COVID 19 crisis + millions of workers who are already vulnerable = devastating consequences

Anna Triponel

November 2, 2020

The COVID-19 crisis is deteriorating workers’ most basic human rights in every region across the globe. The International Labour Organization (ILO) points to the ways in which the pandemic is (1) undermining the right to freedom of association and collective bargaining amidst ‘states of emergency’; (2) increasing the prevalence of forced labour, especially for already vulnerable workers like migrants; (3) increasing child labour as families struggle to earn income and as schools close down; and (4) exacerbating workplace discrimination, especially for ethnic minorities, immigrants and women.

Key takeaways

The ILO’s Issue paper on COVID-19 and fundamental principles and rights at work focuses on the likely impacts of COVID-19 on the four fundamental principles and rights at work. These impacts are summarised below:

  1. Freedom of association and the effective recognition of the right to collective bargaining: “The COVID-19 crisis is in many places making the realization of rights to freedom of association and collective bargaining more difficult, both in law and practice, which in turn hampers the development of responses to the crisis rooted in social consensus.” For example, the European Trade Union Confederation “notes a broader tendency, not just in Europe, of some governments ‘abusing emergency powers/ decrees to fast-track legislative amendments curtailing trade union rights that were previously proposed and successfully blocked due to trade union opposition.’”
  2. Elimination of forced or compulsory labour: “The COVID-19 crisis is increasing the pool of workers vulnerable to forced labour and worsening work situations that are already exploitative.” The pandemic has made more people socio-economically vulnerable, driving them to seek out any work, even situations of forced or bonded labour. Migrant workers are especially at risk because their employment is based on immigration status, which is especially precarious if they are laid-off or restricted from traveling back home.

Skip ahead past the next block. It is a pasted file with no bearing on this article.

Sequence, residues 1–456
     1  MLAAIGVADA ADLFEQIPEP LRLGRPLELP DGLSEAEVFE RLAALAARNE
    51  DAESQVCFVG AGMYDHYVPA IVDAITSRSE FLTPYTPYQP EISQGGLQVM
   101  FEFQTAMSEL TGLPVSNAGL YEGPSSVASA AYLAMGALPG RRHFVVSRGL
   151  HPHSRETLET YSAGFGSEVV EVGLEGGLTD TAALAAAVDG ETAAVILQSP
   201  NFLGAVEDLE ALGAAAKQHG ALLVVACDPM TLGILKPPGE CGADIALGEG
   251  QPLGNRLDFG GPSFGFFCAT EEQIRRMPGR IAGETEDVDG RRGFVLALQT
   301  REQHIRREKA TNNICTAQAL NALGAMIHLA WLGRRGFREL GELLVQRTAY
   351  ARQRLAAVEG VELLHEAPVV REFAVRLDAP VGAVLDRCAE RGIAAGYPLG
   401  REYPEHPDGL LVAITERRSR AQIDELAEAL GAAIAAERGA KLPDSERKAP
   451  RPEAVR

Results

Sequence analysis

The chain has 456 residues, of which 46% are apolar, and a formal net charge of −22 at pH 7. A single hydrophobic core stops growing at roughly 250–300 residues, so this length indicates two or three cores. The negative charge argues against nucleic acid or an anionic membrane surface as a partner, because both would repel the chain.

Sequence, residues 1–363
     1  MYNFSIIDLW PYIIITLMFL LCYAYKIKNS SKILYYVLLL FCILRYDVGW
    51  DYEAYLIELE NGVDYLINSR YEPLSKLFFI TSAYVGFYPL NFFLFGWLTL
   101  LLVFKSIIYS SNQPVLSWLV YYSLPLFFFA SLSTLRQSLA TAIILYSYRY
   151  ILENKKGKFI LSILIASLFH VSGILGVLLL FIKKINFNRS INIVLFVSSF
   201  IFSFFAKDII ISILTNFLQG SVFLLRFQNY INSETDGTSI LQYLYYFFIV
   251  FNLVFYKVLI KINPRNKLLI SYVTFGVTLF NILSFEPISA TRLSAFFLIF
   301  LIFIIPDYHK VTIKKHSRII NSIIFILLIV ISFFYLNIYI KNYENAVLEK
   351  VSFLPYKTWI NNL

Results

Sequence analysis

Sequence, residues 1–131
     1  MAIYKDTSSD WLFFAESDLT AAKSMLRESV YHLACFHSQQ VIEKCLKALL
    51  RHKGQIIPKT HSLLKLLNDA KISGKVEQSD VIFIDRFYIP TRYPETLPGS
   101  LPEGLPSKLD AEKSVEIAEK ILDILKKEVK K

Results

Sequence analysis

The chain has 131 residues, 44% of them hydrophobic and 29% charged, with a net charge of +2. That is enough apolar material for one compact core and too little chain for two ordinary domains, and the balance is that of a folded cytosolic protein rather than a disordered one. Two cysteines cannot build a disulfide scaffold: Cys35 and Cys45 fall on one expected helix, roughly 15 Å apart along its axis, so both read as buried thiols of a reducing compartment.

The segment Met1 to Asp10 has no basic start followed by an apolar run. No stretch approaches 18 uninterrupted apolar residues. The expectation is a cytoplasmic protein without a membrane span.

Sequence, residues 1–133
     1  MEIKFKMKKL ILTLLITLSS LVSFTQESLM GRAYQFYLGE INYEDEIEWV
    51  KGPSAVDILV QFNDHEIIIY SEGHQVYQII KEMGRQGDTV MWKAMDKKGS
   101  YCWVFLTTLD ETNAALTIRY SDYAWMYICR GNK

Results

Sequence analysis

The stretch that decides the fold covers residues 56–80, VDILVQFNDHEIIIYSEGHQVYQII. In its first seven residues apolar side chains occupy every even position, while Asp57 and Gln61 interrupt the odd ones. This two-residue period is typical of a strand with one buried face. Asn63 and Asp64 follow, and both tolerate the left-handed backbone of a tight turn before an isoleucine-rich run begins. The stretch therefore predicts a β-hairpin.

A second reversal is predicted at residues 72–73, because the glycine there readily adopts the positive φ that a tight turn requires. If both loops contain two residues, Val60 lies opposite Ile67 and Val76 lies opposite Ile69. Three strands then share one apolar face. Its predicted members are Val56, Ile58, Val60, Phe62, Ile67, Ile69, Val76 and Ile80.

3. Abolition of child labour: “The COVID-19 crisis is fuelling fears of a rise in child labour, as education is interrupted or no longer affordable, and hard-hit families must send their children to work as a survival strategy.” Socioeconomic vulnerability and increased poverty caused or exacerbated by COVID-19 are pushing more children to work, including in the worst forms of child labour such as “domestic servitude, commercial sexual exploitation, and hazardous work in mining and agriculture [and] a range of sweatshop activities.”
  4. Elimination of discrimination in respect of employment and occupation: “The COVID-19 crisis is amplifying the effects of pervasive discrimination in the world of work, whether on grounds of race, colour, sex, religion, political opinion, national extraction, social origin, HIV status, disability, sexual orientation, gender identity or other.” According to the ILO, “Public panic and fear around COVID-19 contagion has generated its own wave of stigma, xenophobia, racism and intolerance,” and is slowing progress towards closing gender pay gaps and labour force participation rates.

The way forward

The ILO proposes a four-pillar framework to tackle these issues. While these actions are largely directed at governments and policymakers, they have relevance for employers as well:

Read the full report here: ILO, Issue paper on COVID-19 and fundamental principles and rights at work (November 2020)

“For the millions of workers already in vulnerable situations, the COVID-19 crisis can have devastating consequences: their fundamental rights at work are under threat, pushing them and their families towards greater insecurity. Safeguarding and extending fundamental principles and rights at work will therefore be critical to the success of both immediate and longer-term responses to the crisis in the world of work.”                          

ILO, Issue paper on COVID-19 and fundamental principles and rights at work (November 2020)

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